Red squirrels fight to survive in the Appalachian mountains
New in the garden: tiny American red squirrels.
The bunnies looked cute and innocent, but they were rose-garden wrecking crews. Every year those wascally wabbits defoliated my new bushes, then stared at me defiantly as if challenging me to do something about it. I wanted to wring their furry necks.
Squirrels not only destroyed the last bird feeder my dad made, they made a Christmas feast out of the wires connected to the defrosting mechanism in our heat pump. The squirrels weren’t injured by their antics, but my repair bill was quite a shock.
When we moved to the mountains of North Carolina in May, we left the bunnies behind and brought along our tried and true squirrel-proof bird feeders. All went well until I spied a tiny critter that could hang on and eat without making the feed holes close, as they would under a gray squirrel’s weight.
At first I thought the acrobat was a clever baby gray, but I soon learned this new, infuriating pest was an American red squirrel.
Red squirrels are fast and feisty
Unlike hulking two-pound, 18-inch gray squirrels, reds -- called “boomers” in the mountains -- are about 8 inches long and weigh barely 8 ounces. They have strong hind legs and curved claws that help them ably climb. They can also swim.
Despite their diminutive size, red squirrels are brave, brazen, and don’t mind barking and chattering at you if you try to chase them away. In fact, they can “bark” at you for more than an hour if you really irritate them.
After weeks of trying to discourage the little devils, I began to admire these pretty, gutsy creatures.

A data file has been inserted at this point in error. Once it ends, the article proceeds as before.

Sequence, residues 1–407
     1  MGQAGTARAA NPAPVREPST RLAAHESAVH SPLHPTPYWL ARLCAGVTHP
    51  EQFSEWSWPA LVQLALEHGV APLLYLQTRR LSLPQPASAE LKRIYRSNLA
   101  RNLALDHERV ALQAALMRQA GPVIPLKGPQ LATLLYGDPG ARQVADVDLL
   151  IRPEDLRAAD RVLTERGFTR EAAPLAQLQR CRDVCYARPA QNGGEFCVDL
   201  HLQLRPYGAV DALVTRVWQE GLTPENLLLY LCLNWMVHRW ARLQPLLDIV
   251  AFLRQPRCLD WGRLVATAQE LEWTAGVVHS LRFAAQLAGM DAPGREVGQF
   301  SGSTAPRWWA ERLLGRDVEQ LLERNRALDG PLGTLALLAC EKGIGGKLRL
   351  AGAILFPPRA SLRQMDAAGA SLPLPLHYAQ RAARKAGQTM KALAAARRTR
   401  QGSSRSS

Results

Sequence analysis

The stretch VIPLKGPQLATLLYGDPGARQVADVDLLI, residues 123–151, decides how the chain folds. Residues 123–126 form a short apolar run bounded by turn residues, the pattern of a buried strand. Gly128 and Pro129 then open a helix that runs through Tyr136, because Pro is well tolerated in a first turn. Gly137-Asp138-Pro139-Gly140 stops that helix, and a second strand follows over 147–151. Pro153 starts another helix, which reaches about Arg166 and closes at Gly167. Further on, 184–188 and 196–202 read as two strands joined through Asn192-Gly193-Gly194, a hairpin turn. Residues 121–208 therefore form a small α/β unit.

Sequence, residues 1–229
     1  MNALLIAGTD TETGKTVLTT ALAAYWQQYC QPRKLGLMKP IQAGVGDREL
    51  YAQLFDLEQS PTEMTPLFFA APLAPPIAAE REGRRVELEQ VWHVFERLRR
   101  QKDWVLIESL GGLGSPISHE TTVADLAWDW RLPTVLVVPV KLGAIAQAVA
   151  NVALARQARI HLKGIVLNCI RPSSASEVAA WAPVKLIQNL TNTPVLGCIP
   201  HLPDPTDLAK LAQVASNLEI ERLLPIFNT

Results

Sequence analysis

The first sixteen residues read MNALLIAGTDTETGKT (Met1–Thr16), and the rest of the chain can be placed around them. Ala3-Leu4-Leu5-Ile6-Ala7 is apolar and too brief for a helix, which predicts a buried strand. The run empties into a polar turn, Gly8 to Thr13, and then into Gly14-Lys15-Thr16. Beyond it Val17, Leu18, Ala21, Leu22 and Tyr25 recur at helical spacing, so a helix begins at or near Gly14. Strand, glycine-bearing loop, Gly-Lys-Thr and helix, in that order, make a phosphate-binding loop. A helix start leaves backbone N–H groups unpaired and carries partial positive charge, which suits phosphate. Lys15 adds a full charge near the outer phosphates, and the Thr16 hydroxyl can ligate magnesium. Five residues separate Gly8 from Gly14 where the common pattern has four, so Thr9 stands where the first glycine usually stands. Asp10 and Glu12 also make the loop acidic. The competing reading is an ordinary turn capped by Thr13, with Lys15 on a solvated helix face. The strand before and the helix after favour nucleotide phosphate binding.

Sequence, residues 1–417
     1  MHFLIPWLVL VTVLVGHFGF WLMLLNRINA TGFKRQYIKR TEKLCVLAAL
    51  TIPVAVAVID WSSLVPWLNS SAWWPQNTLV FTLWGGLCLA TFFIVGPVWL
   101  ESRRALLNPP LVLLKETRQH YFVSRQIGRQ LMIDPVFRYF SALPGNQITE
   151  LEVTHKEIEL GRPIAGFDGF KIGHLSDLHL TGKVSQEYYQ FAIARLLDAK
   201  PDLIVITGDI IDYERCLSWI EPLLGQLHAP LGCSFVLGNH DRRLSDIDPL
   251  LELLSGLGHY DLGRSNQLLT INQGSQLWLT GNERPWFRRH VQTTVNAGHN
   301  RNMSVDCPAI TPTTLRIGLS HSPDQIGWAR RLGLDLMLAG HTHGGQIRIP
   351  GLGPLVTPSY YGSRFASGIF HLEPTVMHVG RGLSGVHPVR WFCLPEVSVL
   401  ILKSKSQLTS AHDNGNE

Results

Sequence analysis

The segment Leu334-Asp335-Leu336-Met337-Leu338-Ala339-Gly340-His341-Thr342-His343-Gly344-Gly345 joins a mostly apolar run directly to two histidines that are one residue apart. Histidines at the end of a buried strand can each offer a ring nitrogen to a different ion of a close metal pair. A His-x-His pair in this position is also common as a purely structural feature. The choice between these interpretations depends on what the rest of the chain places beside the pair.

For starters, they are extremely speedy. Mountain folk say they can snag a pine cone from a tree branch and be waiting on the ground by the time it falls.
Although they prefer to dine on conifer seeds, some industrious reds also gather mushrooms, tear them into slices, and carry them to tree cavities to dry.
During the summer and autumn, they hide hundreds of pine cones and other nonperishable tidbits in hollow trees or underground stashes called middens. These “pantries” are supposed to keep them going until spring arrives.
Even though reds gather significantly more food than other squirrels, they often forget where they’ve left their treasures. As a result, fewer than 30 percent of juveniles survive their first winter.
After reading about the high boomer mortality rate, we started putting out extra goodies on the deck railing to complement their diet of seeds, berries, bugs and nuts.
We want our little reds to be around to entertain and annoy us for many years to come.
Lynn Hunt, the Rose Whisperer, is one of more than a dozen expert gardeners who blog regularly at Diggin' It. She's an accredited horticultural judge and a Consulting Rosarian Emeritus for the American Rose Society. She has won dozens of awards for her writing in newspapers, magazines, and television. After a recent move, she grows roses and other plants in her garden in the mountains of western North Carolina. To read more by Lynn, click here.You can also follow her on Twitter and read her Dirt Diaries.